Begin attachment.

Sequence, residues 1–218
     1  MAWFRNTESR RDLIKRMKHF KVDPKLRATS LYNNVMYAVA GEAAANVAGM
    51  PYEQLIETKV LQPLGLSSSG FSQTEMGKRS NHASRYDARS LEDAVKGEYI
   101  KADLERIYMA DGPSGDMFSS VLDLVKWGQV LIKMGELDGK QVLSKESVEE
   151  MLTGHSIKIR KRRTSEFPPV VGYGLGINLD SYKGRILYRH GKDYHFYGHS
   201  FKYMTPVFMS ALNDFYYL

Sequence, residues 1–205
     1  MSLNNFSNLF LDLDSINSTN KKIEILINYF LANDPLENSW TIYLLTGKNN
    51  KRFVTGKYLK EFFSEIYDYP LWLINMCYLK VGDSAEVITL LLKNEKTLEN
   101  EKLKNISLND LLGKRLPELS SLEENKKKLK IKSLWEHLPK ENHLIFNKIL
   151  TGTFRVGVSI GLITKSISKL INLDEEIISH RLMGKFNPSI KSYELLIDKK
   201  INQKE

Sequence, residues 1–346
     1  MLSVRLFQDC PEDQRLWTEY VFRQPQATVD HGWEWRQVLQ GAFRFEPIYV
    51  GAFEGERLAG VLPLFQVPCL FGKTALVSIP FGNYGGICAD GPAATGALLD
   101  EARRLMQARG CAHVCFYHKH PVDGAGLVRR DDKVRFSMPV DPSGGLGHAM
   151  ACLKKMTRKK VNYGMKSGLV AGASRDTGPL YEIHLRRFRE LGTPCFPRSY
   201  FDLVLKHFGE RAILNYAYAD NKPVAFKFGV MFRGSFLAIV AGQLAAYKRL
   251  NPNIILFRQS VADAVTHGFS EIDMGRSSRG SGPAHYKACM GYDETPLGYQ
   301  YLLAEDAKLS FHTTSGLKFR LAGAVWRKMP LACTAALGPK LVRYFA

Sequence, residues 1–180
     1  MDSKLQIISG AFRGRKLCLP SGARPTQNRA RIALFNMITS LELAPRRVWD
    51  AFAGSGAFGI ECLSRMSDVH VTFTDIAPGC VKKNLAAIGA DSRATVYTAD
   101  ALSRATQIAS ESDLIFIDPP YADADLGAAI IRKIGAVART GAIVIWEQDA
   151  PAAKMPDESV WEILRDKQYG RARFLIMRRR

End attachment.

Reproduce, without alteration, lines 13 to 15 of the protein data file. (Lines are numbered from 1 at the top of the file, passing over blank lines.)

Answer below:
Sequence, residues 1–346
     1  MLSVRLFQDC PEDQRLWTEY VFRQPQATVD HGWEWRQVLQ GAFRFEPIYV
    51  GAFEGERLAG VLPLFQVPCL FGKTALVSIP FGNYGGICAD GPAATGALLD